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I would get the room and monitoring setup as good as freakin possible. You already mentioned some good starting points (tube traps/Avocet). It might be a good idea to get an initial purchase going and tweak from there. If you blow your whole load, you've got nowhere to go if stuff doesen't work out as planned. Then you've got to sell off some stuff and lose money on it. You may get the tube traps and find that they aren't applicable to your situation. Maybe you need some paneling or diffusion. Maybe you really need tuned bass traps. Or perhaps you need to actually do a bit of a build out (elminate parallel surfaces). Get the basic studio setup and do some hardcore listening tests. Really delve into how the room sounds, and not just at the mix position! Where are the peaks and the holes? Hire a good acoustical consultant to get some advice. Also consider the comfort level of working in this space. Is there a vibe? Is it a place where you like to go and spend a lot of time? Is it a place where others like to work? how's the lighting? How's the climate control? A place with a great vibe that sounds great to listen in will yield FAR greater mixes than having the latest scamming.....oops, I mean.....summing box or newfangled Neve clone mic pre or vintage whatever compressor.

Another thing to check out is the electrical situation. If you're not on balanced power, I would HIGHLY recommend it. Check out the Equitech stuff. It might require some rewiring but the benefits can be enormous. I like to think of it as a trade off. Instead of buying more gear, you're making your existing gear sound 10 to 20% better. It can also significantly lower your noise floor which makes quiet dynamic recording actually possible. Also, make sure all of your wiring is in tip top shape. Use high quality cable in the shortest possible runs for EVERYTHING (leaving yourself enough slack to expand if you need to). Make sure your bays are in good condition. I would recommend ADC or Switchcraft bays if you need to get new ones. Check you're patch cables, instrument cables and mic cables. High grade there as well. Make sure you have a great tech to do all the wiring for you. Someone who knows what they're doing...unlike some techs I've met (Source shielding?! What's that?! You're crazy man!)

I know it kinda stinks to spend money on the boring stuff like wiring and acoustics, but that is what will make the studio sound good. It's like buying a new roof for your house. It may not look any different or give you any flashy bragging rights, but at least you can sleep at night keeping warm and dry! Best of luck!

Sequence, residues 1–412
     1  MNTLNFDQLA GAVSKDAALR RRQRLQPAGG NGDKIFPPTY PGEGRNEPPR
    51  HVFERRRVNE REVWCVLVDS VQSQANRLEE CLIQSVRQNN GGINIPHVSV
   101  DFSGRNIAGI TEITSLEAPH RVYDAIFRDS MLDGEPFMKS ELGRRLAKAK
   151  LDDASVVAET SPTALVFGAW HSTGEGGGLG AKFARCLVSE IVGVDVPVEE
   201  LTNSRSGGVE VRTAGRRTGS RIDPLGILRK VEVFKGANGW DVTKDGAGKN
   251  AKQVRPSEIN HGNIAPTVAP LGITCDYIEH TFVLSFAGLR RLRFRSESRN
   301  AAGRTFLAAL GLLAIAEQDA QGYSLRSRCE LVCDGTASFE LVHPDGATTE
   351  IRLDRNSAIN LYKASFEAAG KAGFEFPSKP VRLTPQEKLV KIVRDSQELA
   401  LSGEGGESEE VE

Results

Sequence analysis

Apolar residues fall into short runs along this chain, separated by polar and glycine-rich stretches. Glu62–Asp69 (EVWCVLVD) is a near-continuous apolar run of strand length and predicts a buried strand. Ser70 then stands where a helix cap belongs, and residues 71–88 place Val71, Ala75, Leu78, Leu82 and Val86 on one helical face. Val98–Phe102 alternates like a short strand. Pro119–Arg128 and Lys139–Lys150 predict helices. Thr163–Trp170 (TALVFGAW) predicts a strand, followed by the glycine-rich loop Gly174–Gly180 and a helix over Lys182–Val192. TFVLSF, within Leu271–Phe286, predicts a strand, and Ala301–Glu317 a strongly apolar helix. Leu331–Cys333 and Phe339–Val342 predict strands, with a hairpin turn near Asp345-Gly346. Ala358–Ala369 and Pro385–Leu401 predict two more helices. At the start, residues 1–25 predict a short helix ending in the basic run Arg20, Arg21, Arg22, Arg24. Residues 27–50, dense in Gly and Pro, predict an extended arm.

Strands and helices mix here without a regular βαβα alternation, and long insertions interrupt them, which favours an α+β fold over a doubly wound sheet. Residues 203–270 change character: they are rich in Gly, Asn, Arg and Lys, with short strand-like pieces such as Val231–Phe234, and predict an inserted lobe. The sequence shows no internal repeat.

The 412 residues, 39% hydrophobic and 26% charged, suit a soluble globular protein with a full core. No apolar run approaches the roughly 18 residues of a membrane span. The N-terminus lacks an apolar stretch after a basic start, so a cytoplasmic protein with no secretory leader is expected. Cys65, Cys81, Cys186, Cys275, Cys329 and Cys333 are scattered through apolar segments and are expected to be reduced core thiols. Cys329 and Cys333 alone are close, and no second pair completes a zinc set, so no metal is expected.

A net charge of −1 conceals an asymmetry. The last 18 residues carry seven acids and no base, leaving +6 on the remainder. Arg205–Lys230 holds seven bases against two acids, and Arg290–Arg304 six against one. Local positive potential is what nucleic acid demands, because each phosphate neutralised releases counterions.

#14
29th May 2005
Old 29th May 2005
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Quote:
Originally Posted by Gregg Sartiano
p.p.s find the tallest building and throw the octopre off it, that's the best sound you'll get from that piece...lolol
what pre, mic, and comp combination should he use to record this event....will the LTD with the distressor capture enough of the "Crack" or should he look for something a bit more pillowy with bigger body and a longer release?
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Solunaris
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29th May 2005
Old 29th May 2005
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ahh yess the good ol' octopre. sad enough it was the only preamp i owned for awhile before I realized why all my recordings sounded so thin and shitty. I knew it sucked but I thought if I used my impressive engineer skills that I would be able to get something decent. The best recording I ever made with that box is still a sorry sounding steaming pile. I would throw it off a building if I knew I couldn't get 5 bills for it. I'm extremely excited about getting my new studio.
#16
29th May 2005
Old 29th May 2005
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I'd buy two or three Distressors, I see only one on your list. I greatly prefer them over 1176's for rock because they have this attitude that the 1176 lacks. And its cheaper, roughly a thousand less per unit.

For an 8 channel mic pre, did you consider the True Precision 8? I definitely like the sound of it, although I have not heard the UA 8 channel unit yet. The True is cheaper, and I can say that I do like the Pre's in the True over the UA 6176 unit.

You did factor in the cost of wiring, storage bays, etc?

The Royer 122 is an excellent choice. I'd demo the Kiwi and see how you like it compared to the Mouse. I personally prefer the Kiwi, but I have friends who love their Mice as well, so its a matter of taste.

I'll also vouch for the ADAM S3A's. I love my S1A's, I hope to pick up a pair of S2.5A's when I pay off this infernal computator!


Dante
#17
29th May 2005
Old 29th May 2005
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Quote:
Originally Posted by arrogantbastard
I own a house already...
I think your best bet would be to find a studio that's already built and empty and move your gear in.

You will save on the overhead and if it doesn't work you are not stuck with an empty shell.

The building of the studio will eat your budget like moths on fabric.
#18
29th May 2005
Old 29th May 2005
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Quote:
Originally Posted by alphajerk
use it to put a downpayment on a house.
That's what I was going to say...
#19
18th December 2006
Old 18th December 2006
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A word of advise research more and look at the cash you have.50 or 60 grand will get you the gear,but sure wont get you the room.Also i think the hybrid set up is the next big thing look into that.You have some great gear selections,i recommend a great console with PT and at least 24 converters.You could get an entire turn key rig for around 4 to 8 grand.As for my gear choices,well vintage would be my first choice.Many great vendors lurking with great vintage gear.As for the pre i would go ape wild and get every posh pre available,and then start to look at Distressors and purples and LA-2As.But you should really focus one whats proven in the industry and than go for the new fandgled stuff.Chew on it dont rush into it take your time and talk with vendors as much as you can.Patience